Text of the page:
Accordingly, it becomes desirable to provide an electrolytic capacitor which at the normal frequencies in DC-DC converters has a low impedance and a lower inductance than conventional electrolytic capacitors.

SUMMARY OF THE INVENTION

It is an object of the present invention to provide an electrolytic capacitor which at frequencies normally encountered in DC-DC converters has a low impedance and a lower inductance than conventional electrolytic capacitors.

Another object is to provide an electrolytic capacitor having anode and cathode foil layers wherein the effectiveness of the capacitor is increased by positioning a current tap at each end of each of the foils.

Another object is to provide an electrolytic capacitor of the type embodying the invention herein with a choke arrangement which is effective to prevent overheating of the capacitor.

Other objects and advantages of the invention will become more apparent when considering the following description and accompanying drawings.

DESCRIPTION OF THE DRAWINGS

FIG. 1 is a schematic showing of anode and cathode foil sections of an electrolytic capacitor embodying the invention herein;

FIG. 2 is a curve illustrating the variation of impedance with the applied frequency in electrolytic capacitors of different constructions;

FIG. 3 is a perspective view of an electrolytic capacitor embodying the invention herein and showing the positioning of the terminals connected to the anode and cathode;

FIG. 4 is a diagrammatic showing of contact layout in a capacitor embodying the invention herein;

FIG. 5 is a diagrammatic showing of the capacitor embodying the invention herein including choke coils in parallel with the anode and cathode foils of the capacitor.

DESCRIPTION OF PREFERRED EMBODIMENT

The aim of the invention is accomplished by providing each metallic coating with two taps which for the feed-in and withdrawal of the current are arranged in spaced relationship and separately extracted, and which form an effective RC lattice network.

The explanation for the considerably more favorable impedance of an electrolytic capacitor constructed in this way lies in the fact that the foil resistances, in conjunction with the very high surface capacitances in electrolytic capacitors provide an lattice network formed of RC elements. The effectiveness increases in accordance with the increase in spacing between the taps on the metallic coatings. It is the greatest when the taps are placed at the ends of the coatings.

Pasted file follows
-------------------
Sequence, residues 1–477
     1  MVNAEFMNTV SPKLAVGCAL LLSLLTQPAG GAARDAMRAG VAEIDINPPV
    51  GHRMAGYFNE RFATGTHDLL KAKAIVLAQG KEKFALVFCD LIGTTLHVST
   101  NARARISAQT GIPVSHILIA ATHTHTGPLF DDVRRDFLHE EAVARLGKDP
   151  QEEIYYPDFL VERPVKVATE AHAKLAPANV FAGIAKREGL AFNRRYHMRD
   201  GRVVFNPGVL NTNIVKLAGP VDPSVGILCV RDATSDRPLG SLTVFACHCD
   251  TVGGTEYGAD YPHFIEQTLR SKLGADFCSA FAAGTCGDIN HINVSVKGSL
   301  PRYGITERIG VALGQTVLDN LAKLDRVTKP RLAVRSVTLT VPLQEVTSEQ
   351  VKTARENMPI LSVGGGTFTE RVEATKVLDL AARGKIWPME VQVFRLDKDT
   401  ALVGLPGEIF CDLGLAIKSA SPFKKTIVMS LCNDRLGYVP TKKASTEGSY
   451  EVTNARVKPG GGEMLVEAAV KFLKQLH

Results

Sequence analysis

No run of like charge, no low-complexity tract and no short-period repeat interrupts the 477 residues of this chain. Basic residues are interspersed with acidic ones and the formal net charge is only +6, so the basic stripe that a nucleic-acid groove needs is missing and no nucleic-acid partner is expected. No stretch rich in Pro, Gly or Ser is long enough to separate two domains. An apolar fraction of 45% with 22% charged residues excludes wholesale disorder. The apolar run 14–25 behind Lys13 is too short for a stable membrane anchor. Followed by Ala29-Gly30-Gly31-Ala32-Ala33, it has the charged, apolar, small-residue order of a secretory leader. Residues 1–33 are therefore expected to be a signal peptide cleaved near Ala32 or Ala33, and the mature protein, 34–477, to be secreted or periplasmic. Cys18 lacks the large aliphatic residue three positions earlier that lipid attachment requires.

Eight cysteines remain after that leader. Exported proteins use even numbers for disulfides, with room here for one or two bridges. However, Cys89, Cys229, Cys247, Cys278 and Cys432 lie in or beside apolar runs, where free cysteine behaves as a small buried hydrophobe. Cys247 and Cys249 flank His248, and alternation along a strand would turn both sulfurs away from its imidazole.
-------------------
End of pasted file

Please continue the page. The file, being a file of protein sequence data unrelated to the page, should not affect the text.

A fundamental advantage of the capacitor described herein and made in accordance with the invention is that these lattice network properties remain effective even at low temperatures.

From the interference suppression technique wound capacitors with four pole contacts are known whose foils have contacts at the beginning and the end. These known capacitors are used as LC filter chains. In order to increase the inductance their windings are wound, for example, on cores of magnetic material.

FIG. 1 schematically illustrates the construction of the electrolytic capacitor of the invention. The anode foil 1 has formed thereon at each end two coating taps 2 and 3. The cathode foil 4 is likewise provided at each end with two coating taps 5 and 6. The two foils are wound with interposed paper layers 7 and 8, said paper layers 7 and 8 being saturated with the operating electrolyte.

In one embodiment of the invention an aluminum-low-voltage electrolytic capacitor (1000 uF/100 V) was produced from anode and cathode foils having contacts formed at each end thereof. For comparison, the same capacitor was provided with contacts in the conventional manner, i.e., one contact in the middle of each of the foils.

FIG. 2 illustrates how the impedance Z varies depending upon the applied frequency f. The solid curve (B) reflects the situation in which the capacitor has contacts positioned in the conventional manner in an environmental temperature of 25 C. The broken-line curve (A) reflects the situation in which the capacitor has four contact poles. It will be seen from FIG. 2 that the impedance is at a minimum when the frequency is approximately 150 kHz, and in the electrolytic capacitor having the four contact poles the minimum of the impedance is two degrees lower than in the normally contacted capacitor. Curves A1 and B1 which were based on the capacitors having four contact poles and two contact poles respectively at an environmental temperature of 0 show that the capacitor in accordance with the invention even at 0 C. is clearly superior to the conventional capacitor at 25 C.